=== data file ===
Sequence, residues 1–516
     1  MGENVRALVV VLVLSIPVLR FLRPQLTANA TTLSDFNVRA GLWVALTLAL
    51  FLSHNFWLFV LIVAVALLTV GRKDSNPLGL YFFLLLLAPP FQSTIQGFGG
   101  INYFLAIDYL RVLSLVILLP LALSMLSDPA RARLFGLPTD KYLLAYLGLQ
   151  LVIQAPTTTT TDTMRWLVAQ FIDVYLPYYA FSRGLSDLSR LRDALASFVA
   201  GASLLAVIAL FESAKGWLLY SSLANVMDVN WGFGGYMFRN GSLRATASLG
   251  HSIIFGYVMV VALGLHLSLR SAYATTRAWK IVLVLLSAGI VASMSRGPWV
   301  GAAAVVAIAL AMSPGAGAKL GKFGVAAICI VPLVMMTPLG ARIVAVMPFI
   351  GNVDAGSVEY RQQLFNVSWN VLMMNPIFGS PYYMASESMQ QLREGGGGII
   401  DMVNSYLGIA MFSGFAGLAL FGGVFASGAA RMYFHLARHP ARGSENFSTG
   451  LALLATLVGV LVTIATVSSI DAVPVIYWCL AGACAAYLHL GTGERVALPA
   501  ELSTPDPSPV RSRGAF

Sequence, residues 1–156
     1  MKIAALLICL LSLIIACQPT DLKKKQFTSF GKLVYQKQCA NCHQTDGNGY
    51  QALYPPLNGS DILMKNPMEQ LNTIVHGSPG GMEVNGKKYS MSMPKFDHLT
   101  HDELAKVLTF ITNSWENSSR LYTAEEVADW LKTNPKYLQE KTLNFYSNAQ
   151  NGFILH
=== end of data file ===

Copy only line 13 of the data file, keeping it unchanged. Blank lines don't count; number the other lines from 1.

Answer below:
Sequence, residues 1–156